US4354942 *Nov 26, 1980Oct 19, 1982Olin CorporationStabilization of mercury in mercury-containing materials
US4547290 *May 2, 1984Oct 15, 1985Philippe PichatProcess for solidification of strongly acidic or akaline liquid wastes
US4582611 *Aug 9, 1984Apr 15, 1986Brian Watt Associates, Inc.Soil decontamination with wick drains
US4671882 *Oct 28, 1985Jun 9, 1987Deere & CompanyPhosphoric acid/lime hazardous waste detoxification treatment process
US4687373 *Aug 29, 1986Aug 18, 1987Lopat Industries, Inc.Composition to encapsulate toxic metal and/or organic pollutants from wastes
US4737356 *Nov 28, 1986Apr 12, 1988Wheelabrator Environmental Systems Inc.Immobilization of lead and cadmium in solid residues from the combustion of refuse using lime and phosphate
US4761182 *Apr 8, 1987Aug 2, 1988Union Oil Co. Of CaliforniaProcess for using sludge from geothermal brine to make concrete and concrete composition
US4781841 *Apr 6, 1987Nov 1, 1988Nissho Co., Ltd.Heavy metal adsorbing agent and method of using same
US4861482 *Aug 2, 1988Aug 29, 1989Frankenberger Jr WilliamSelenium detoxification
US4878944 *Oct 18, 1988Nov 7, 1989The Tdj Group, Inc.Method of treating metallic oxide impregnated dust
US4889640 *Jun 10, 1988Dec 26, 1989Rmt, Inc.Method and mixture for treating hazardous wastes
US4927293 *Feb 21, 1989May 22, 1990Campbell Randy PMethod and apparatus for remediating contaminated soil
US4948516 *Aug 21, 1989Aug 14, 1990Monsanto CompanyMethod of disposing of wastes containing heavy metal compounds
US4950409 *Dec 8, 1989Aug 21, 1990Stanforth Robert RMethod for treating hazardous wastes
US4981393 *Feb 1, 1988Jan 1, 1991Ecotechniek B. V.Method and apparatus for cellularly isolating, treating and/or removing strongly polluted material present in or on the soil
US4988376 *Aug 2, 1989Jan 29, 1991Western Research InstituteGlassification of lead and silica solid waste
US5013185 *Mar 23, 1988May 7, 1991Osamu TakiMulti-shaft auger apparatus and process for fixation of soils containing toxic wastes
US5024556 *Dec 5, 1989Jun 18, 1991Battelle Memorial InstituteSystem for enhanced destruction of hazardous wastes by in situ vitrification of soil
US5028272 *Oct 2, 1987Jul 2, 1991Ashland Oil, Inc.Inhibiting leaching of metals from catalysts and sorbents and compositions and methods therefor
US5037240 *Jul 19, 1990Aug 6, 1991Ocean Toad Enterprises Inc.In-situ soil treatment process
US5037479 *Apr 20, 1990Aug 6, 1991Rmt, Inc.Method for reduction of heavy metal leaching from hazardous waste under acidic and nonacidic conditions
US5061119 *Aug 17, 1990Oct 29, 1991Philipp Holzmann AktiengesellschaftMethod and apparatus for the remediation of contaminated soils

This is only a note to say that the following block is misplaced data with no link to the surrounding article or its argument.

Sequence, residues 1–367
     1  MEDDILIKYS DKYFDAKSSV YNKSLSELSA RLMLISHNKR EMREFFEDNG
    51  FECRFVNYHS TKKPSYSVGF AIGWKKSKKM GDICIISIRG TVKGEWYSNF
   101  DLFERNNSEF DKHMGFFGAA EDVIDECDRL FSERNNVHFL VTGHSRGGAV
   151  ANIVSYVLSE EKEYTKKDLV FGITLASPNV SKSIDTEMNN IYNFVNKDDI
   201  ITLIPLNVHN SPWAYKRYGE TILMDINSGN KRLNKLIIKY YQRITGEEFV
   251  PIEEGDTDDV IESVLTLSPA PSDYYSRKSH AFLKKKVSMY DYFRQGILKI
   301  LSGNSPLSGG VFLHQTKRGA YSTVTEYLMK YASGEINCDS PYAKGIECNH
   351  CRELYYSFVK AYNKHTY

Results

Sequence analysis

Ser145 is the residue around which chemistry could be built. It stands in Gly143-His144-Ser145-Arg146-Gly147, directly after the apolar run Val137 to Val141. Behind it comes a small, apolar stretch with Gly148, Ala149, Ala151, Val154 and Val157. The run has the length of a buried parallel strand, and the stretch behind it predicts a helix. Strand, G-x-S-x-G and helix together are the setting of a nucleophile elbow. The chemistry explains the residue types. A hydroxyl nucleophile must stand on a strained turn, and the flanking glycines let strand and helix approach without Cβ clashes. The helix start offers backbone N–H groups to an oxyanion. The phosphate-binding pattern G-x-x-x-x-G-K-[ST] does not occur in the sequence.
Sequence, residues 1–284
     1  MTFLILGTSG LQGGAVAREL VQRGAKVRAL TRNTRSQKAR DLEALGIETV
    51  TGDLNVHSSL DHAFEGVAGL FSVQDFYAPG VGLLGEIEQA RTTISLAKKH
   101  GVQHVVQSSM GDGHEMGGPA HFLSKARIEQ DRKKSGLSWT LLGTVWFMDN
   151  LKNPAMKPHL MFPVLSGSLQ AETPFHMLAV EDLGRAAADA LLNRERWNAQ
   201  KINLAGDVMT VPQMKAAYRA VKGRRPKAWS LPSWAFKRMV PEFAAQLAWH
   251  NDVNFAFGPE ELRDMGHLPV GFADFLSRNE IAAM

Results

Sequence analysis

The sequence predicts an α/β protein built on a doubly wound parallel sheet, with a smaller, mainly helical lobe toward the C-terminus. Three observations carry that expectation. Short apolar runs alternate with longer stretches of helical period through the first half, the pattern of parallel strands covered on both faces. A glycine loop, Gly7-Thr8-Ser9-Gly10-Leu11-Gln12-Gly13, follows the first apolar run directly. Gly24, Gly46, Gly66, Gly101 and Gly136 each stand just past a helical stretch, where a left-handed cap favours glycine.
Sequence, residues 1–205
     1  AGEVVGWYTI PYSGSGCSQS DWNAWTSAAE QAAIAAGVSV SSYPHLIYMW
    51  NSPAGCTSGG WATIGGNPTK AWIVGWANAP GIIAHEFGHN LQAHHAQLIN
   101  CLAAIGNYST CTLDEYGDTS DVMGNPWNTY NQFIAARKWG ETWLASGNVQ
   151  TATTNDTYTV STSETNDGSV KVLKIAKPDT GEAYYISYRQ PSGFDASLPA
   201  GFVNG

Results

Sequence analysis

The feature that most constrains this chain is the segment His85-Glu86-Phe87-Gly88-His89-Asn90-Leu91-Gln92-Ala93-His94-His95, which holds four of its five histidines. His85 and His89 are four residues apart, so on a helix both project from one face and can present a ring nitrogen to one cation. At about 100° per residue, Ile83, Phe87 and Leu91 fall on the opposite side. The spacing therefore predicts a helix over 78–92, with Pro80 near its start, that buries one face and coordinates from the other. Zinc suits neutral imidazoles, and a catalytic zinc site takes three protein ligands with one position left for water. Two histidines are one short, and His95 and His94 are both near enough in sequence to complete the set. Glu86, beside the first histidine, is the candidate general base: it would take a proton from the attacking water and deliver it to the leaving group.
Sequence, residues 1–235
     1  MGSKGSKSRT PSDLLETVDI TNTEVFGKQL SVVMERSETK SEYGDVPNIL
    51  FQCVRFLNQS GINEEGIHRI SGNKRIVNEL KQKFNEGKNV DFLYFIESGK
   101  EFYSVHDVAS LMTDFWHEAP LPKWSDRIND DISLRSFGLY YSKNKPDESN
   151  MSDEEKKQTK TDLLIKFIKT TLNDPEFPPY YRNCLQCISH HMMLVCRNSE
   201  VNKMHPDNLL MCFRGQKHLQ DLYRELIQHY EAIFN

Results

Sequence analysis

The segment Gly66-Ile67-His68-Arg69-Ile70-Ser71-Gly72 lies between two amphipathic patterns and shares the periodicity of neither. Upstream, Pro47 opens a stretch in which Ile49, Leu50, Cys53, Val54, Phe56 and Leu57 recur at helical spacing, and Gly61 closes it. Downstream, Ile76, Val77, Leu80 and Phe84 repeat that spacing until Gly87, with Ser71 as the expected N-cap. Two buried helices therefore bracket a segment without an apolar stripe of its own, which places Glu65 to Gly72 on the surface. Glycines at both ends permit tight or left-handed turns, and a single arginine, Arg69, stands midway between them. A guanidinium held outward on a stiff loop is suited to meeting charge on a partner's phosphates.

Non-Patent Citations
Reference
1Nagle, D. L., R. R. Stanforth, P. E. Duranceau and T. P. Kunes, 1983, "AFS Transactions, Treatment of Hazardous Foundry Melting Furnace Dust and Sludges," vol. 91, pp. 715-720.
2 *Nagle, D. L., R. R. Stanforth, P. E. Duranceau and T. P. Kunes, 1983, AFS Transactions, Treatment of Hazardous Foundry Melting Furnace Dust and Sludges, vol. 91, pp. 715 720.
3Turpin, P. D., T. R. Stalzenburg, W. A. Stephens, and T. P. Kunes, 1985, "AFS Transactions, Methods to Treat EP Toxic Foundry Wastes and Waste Waters," vol. 93, pp. 737-740.
4 *Turpin, P. D., T. R. Stalzenburg, W. A. Stephens, and T. P. Kunes, 1985, AFS Transactions, Methods to Treat EP Toxic Foundry Wastes and Waste Waters, vol. 93, pp. 737 740.
Referenced by
Citing PatentFiling datePublication dateApplicantTitle
US5536899 *Oct 5, 1994Jul 16, 1996Forrester; Keith E.Stabilization of lead bearing waste
US5545805 *Jun 7, 1995Aug 13, 1996Chesner Engineering, PcEnhanced stabilization of lead in solid residues using acid oxyanion and alkali-metal carbonate treatment
US5562588 *Dec 30, 1994Oct 8, 1996Maxus Energy CorporationProcess for the in situ bioremediation of Cr(VI)-bearing solids
US5569152 *Dec 21, 1994Oct 29, 1996Conversion Systems, Inc.Buffering of cementitious hazardous waste compositions containing electric arc furnace dust
US5591116 *Jun 9, 1995Jan 7, 1997Entact CorporationMethod for treatment of solid waste to minimize permeability of the waste
US5632715 *Dec 15, 1995May 27, 1997J. R. Simplot CompanyIn situ immobilization of metals in waste stacks and waste stack affected zones
US5637355 *Apr 22, 1996Jun 10, 1997Rmt, Inc.Method of nonhazardous removal of paint containing heavy metals and coating preparation for performing the same
US5641408 *Aug 30, 1995Jun 24, 1997Rhone-Poulenc ChimieInsolubilization of contaminating metallic impurities from liquid media comprised thereof
US5645518 *Jan 31, 1995Jul 8, 1997The University Of ChicagoMethod for stabilizing low-level mixed wastes at room temperature
US5674176 *Oct 7, 1996Oct 7, 1997Entact, Inc.Method for treatment of solid waste to minimize heavy metals